Both stories were written shortly after Burch’s grandmother died abruptly following a short battle with cancer, and both were written while she was a student at Emerson. The Inevitability of Home was Burch’s MFA thesis, and several faculty members had a hand in polishing it.
“Kim McLarin, she helped me so much with my first couple of chapters in my novel writing class,” Burch said. “And then Steve [Yarbrough, her thesis reader] and Jabari [Asim, her thesis advisor] were so helpful in … creating characters and setting.”
Sneed’s novel, The Light of West Texas, set in a fictional “Steinbeckian” town, explores the relationship between a father and daughter after the daughter comes out as a lesbian, and what it means to love someone when your culture and religious tradition are less than accepting of who they are.
She wrote the book, also her MFA thesis, as she was grappling with her own “big existential questions” and in the process of coming out to her own Texas family.
“I grew up in the Southern Baptist religion, so [the book] is loosely based on just the feeling of being ostracized by the church, but also being a spiritual person, how do I reconcile this, where do I land?” Sneed recalled.
Though some of her personal questions informed the novel, Sneed is quick to point out that the father in the book is not based on her own father – though her dad, a West Texas native, did help his Houstonian daughter get the nuances of her setting right.
“He was like, ‘You can’t call it an oil pump, it’s an oil derrick,’” she said.
And this being a story set in Texas, it needed a subplot centered on high school football.
“I am obsessed with football, unfortunately. I just can’t shake it because if where I grew up,” Sneed said.
A Baylor University graduate, Sneed said she knew she needed an MFA program if she was going to “tap into something bigger and more refined” in her writing. She said Emerson delivered everything she was looking for: mentorship, friendship, and academics.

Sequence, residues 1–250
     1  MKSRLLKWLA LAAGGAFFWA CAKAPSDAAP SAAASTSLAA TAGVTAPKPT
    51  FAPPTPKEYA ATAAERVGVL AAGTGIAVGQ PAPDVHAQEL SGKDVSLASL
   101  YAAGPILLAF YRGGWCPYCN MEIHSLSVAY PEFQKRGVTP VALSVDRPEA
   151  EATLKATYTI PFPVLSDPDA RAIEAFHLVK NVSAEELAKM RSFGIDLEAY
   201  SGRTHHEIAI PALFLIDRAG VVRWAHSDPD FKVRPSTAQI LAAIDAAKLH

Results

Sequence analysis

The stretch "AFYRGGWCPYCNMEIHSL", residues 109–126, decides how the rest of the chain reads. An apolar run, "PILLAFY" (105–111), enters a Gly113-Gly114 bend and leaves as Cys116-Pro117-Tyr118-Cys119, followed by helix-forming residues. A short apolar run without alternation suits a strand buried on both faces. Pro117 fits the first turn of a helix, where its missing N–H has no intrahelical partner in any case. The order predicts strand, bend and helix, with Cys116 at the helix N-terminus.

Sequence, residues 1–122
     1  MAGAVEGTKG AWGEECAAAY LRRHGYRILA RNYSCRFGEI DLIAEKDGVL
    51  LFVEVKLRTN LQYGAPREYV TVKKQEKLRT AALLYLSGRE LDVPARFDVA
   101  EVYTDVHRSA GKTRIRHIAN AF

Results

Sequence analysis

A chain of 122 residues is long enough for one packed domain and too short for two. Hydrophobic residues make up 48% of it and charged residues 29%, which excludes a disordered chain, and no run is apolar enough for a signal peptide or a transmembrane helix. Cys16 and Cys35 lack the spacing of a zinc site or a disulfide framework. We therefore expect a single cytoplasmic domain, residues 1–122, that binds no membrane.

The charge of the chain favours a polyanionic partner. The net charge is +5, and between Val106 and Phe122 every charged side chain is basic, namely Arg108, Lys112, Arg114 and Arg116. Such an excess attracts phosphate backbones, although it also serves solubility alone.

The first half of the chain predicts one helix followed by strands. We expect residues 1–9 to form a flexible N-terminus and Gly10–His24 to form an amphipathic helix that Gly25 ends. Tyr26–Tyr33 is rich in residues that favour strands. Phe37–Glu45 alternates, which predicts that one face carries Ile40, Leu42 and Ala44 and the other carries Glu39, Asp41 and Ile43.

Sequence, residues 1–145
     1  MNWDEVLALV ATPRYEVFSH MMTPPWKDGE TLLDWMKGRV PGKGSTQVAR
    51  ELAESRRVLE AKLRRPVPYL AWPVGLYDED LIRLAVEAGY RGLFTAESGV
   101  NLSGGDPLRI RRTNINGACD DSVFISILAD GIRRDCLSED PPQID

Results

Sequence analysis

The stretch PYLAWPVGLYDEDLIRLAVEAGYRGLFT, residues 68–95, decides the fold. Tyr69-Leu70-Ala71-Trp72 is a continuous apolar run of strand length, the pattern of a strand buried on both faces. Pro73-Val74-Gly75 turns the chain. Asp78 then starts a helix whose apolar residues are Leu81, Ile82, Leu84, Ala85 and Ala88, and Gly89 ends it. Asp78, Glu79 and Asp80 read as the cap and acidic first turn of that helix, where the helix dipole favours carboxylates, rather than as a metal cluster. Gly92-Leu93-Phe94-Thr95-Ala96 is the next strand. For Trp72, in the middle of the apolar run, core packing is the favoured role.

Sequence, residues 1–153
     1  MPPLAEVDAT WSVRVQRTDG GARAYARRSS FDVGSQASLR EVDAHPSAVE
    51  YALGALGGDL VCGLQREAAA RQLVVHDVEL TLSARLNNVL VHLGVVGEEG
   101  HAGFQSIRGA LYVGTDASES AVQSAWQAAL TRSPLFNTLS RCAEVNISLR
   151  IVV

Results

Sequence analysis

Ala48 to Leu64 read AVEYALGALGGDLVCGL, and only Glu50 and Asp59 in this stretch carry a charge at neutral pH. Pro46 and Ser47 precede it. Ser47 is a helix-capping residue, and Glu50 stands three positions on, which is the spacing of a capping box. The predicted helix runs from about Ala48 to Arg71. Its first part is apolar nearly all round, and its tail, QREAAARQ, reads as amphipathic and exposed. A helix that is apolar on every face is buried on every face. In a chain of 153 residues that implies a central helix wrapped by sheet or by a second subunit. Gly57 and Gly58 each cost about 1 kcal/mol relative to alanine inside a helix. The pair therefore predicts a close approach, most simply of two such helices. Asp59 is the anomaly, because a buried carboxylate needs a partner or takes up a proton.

“The literature classes at Emerson really blew my mind and expanded my thinking,” she said.
After working and reworking the manuscript with her thesis advisor, Associate Professor Mako Yoshikawa (“She was so helpful in this process and she’s seen so many drafts of this, it wouldn’t be where it is today without her help.”), Sneed defended her thesis in winter 2019 and started querying agents in March 2020, getting a “bajillion” rejections, but several encouraging notes for rewrites.
She landed an agent last fall, sent the manuscript to publishers in February and by the end of the month, she was a (soon-to-be) published novelist.
While she works on yet more revisions to The Light of West Texas, Sneed has been writing a couple of short stories, including one about a lesbian couple who have to play on a softball team together after they’ve broken up, and a new novel focused on female friendship.
“The Light of West Texas takes place across a year, this is across a lifetime, which is fun.”